Birdwatch: Great grey shrike

A great grey shrike.  Pic: Michael Flowers.
A great grey shrike. Pic: Michael Flowers.
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Its scientific name literally means ‘sentinel butcher’ and it is a good description of how the great grey shrike catches its prey.

Visitors to the Midhope Moor Watchpoint to the west of Sheffield have been able to see one of these brutally efficient hunters in action.

The shrike sits silently on a high branch or hedge top before suddenly swooping down on any passing small bird or mammal and despatching it with a bite from its hooked beak. It carries the corpse to a nearby thorn bush or even a barbed wire fence, impales the corpse and eats its fill. Any surplus food is stored in a ‘larder’ to be eaten later.

So far the Midhope bird has been seen to catch and impale a number of small birds including a robin while another, on Beeley Moor near Chesterfield, is proving equally efficient.

Although only slightly larger than a blackbird one has been recorded as killing a stoat. When hunting larger mammals the shrike lands close by to avoid being bitten, then circles its potential victim while attempting to bite the back of its neck and cut the spinal cord. There’s a record of one battle where a shrike bit a rat 117 times before the latter was subdued.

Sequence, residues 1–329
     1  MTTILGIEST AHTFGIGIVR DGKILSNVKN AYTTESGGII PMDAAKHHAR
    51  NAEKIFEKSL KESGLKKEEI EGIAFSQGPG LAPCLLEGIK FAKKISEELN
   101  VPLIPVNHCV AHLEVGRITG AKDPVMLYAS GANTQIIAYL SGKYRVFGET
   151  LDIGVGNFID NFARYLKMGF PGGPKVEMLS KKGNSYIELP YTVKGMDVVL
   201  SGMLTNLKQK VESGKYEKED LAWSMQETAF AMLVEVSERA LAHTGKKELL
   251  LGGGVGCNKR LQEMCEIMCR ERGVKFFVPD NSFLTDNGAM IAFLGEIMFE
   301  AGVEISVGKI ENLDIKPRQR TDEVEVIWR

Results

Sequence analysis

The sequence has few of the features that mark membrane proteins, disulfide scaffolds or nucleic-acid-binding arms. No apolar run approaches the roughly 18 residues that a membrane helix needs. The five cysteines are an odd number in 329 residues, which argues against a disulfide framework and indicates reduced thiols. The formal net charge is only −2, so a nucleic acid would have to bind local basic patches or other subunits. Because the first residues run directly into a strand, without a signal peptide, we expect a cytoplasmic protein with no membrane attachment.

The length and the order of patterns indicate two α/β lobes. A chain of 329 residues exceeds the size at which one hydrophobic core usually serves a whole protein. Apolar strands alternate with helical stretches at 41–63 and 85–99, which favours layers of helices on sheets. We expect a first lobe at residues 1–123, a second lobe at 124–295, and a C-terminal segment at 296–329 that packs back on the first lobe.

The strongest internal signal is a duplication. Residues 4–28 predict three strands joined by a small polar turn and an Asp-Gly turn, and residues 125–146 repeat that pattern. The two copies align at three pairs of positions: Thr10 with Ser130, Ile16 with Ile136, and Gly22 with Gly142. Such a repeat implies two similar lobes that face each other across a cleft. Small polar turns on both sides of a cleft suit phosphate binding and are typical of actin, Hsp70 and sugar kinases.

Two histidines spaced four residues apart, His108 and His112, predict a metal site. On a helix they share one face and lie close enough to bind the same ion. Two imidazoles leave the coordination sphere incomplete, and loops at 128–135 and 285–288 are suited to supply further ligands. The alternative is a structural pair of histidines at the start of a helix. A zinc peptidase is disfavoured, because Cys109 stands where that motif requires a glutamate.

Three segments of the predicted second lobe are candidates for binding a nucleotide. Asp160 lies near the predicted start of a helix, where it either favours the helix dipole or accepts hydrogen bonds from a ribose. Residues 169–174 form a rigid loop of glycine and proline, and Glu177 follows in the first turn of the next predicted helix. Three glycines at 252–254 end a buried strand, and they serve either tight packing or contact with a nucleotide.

The great grey shrike is a winter visitor to this country, mostly from Norway, with an average of 150 records a year. In winter they are solitary birds, carving out a territory on open countryside or in clear fell forest clearings which is held until as late as April or May when they return to breeding sites.

Some individuals will return to these winter territories for several years, Langdale Forest in North Yorkshire is one such site with the clearing at Stony Knoll particularly favoured while others are on Thorne Moors near Doncaster and at Budby Common, North Nottinghamshire. Great grey shrikes have been reported at all these sites this winter.

A Greenland white-fronted goose continued to be seen this week in the Water Lane area of Flamborough village and another on Harwood Dale Lake near Scarborough. Seven species of geese were at Nosterfield Nature Reserve, North Yorkshire; white-fronted, tundra bean, brent, bar-headed, pink-footed, greylag and Canada. The drake American wigeon continued to be seen at Nosterfield while drake green-winged teals were at the North Cave Wetland in East Yorkshire.

The rough-legged buzzard is still being seen at Grindale near Bridlington while a juvenile was over the Highwood Brow viewpoint at Wykeham Forest, with several goshawks.

The Richard’s pipit was seen in fields at Hyburn Wyke north of Scarborough and a male ring ouzel at Roxby. More white-winged gulls were reported in roosts while an adult Kumlien’s gull, a North American race of Iceland gull, was seen in a field at Knapton Lane, York.

The warm weather this week encouraged great spotted woodpeckers to start drumming, overwintering chiffchaffs and skylarks to burst into song while pairs of oystercatchers were back on breeding territories.